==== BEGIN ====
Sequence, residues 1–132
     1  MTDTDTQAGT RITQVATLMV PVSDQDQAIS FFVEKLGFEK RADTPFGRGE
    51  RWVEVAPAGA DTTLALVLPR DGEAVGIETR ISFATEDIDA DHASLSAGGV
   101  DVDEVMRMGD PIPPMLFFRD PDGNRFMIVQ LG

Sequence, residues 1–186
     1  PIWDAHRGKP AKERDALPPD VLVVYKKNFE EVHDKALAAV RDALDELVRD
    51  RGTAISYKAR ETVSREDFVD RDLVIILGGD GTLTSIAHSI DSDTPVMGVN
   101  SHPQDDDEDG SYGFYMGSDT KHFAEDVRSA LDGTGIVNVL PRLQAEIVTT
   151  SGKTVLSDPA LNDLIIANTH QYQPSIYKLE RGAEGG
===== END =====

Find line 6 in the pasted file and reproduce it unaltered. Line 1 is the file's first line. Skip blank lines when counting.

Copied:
     1  PIWDAHRGKP AKERDALPPD VLVVYKKNFE EVHDKALAAV RDALDELVRD